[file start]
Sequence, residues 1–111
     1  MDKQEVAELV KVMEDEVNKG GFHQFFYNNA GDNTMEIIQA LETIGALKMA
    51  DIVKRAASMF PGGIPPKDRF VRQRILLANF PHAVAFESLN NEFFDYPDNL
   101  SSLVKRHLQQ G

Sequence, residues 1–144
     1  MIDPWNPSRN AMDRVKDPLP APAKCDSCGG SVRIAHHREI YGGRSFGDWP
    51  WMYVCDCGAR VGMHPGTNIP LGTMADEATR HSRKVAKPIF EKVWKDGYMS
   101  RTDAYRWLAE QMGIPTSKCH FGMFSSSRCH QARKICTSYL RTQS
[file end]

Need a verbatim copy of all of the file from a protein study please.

Sequence, residues 1–111
     1  MDKQEVAELV KVMEDEVNKG GFHQFFYNNA GDNTMEIIQA LETIGALKMA
    51  DIVKRAASMF PGGIPPKDRF VRQRILLANF PHAVAFESLN NEFFDYPDNL
   101  SSLVKRHLQQ G

Sequence, residues 1–144
     1  MIDPWNPSRN AMDRVKDPLP APAKCDSCGG SVRIAHHREI YGGRSFGDWP
    51  WMYVCDCGAR VGMHPGTNIP LGTMADEATR HSRKVAKPIF EKVWKDGYMS
   101  RTDAYRWLAE QMGIPTSKCH FGMFSSSRCH QARKICTSYL RTQS